Friday, May 21, 2010

The Second King - Chapter 1: Duty

copyright ©2010 Mitchell Malloy (
From a distance, the grumble intensified like a growing thunder clap that refused to end. And as the low-lying dust cloud approached, small flashes resembling lightning bursts reflected off the armor of the approaching army. Hooves beat the ground with the ferocity of a thunderstorm, leaving the soil pocked and up-rooted. The raucous sound was accompanied by the clack and chatter of chariot wheels, the clinking of armor and the occasional grunt of a warrior as they stoically rode the thunderous wave of invading chariots. No word was spoken. No word would suffice. This mission would bring to conclusion the soldiers' frustrations... one way or another. Growing thunder. Foreboding lightning. The storm was coming, and it seemed long overdue.

The driver of the lead chariot stole quick glances at his passenger, trying to glean some understanding of the thoughts that consumed his general. His leader's eyes were intense. Focused. Wild! These eyes reflected a fury that would not be quenched until the mission was complete, until the outcome of the journey was known. The man's eyes hinted at both confidence and fear. They suggested a righteous anger that has been strengthened by clear direction. The eyes belonged to a man of destiny, whose decisions would impact nations. The eyes belonged to Jehu, a soldier who would be king.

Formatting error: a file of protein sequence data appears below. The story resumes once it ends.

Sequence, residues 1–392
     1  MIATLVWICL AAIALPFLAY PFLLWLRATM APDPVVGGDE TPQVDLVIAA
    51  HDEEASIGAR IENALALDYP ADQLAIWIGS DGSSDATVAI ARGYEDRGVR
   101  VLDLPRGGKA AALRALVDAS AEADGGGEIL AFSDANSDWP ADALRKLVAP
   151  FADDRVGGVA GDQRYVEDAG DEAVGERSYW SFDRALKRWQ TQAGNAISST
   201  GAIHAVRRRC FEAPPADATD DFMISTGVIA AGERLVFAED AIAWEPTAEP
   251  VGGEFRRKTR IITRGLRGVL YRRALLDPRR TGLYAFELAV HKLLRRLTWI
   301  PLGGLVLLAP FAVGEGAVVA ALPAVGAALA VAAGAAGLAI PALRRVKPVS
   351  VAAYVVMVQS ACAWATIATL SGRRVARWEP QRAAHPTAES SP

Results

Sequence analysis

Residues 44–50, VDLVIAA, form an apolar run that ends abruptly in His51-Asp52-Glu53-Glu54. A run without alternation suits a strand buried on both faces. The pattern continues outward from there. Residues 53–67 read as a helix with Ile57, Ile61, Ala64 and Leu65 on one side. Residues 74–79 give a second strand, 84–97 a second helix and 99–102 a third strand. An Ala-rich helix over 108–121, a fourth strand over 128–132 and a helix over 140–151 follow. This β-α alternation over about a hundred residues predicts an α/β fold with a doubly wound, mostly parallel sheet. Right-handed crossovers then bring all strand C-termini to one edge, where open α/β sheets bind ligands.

It was not unheard of in this region for a soldier to become the monarch. In the neighboring country of Aram, the kingdom was usurped by a mutinous soldier named Hazael. And if the rumors were to be believed, Hazael was emboldened in his treachery by words of The Prophet. This prophet foretold both Hazael's rise to power and the ensuing blood-bath that had been brought into Jehu's country. Until recently, Jehu and his men had been struggling against the forces of Hazael in support of a king they abhorred, but now they were now seeking to displace the undeserving tyrant.

Ironically, it was The Prophet who placed Jehu on this journey. Jehu would never have claimed this kingdom for his own, although deep in his heart he desired deliverance. He yearned to see his people set free from the devil-worshiping dynasty of his “king”. For forty-six years, since the time of King Omri, the rulers of this nation had rejected the One God and embraced the demonic. The Prophet warned the people of the Northern Country that they were moving toward destruction. For in rejecting the One Who Truly Is, the Northern Country could expect little more than famine, war, and cruel tyrants.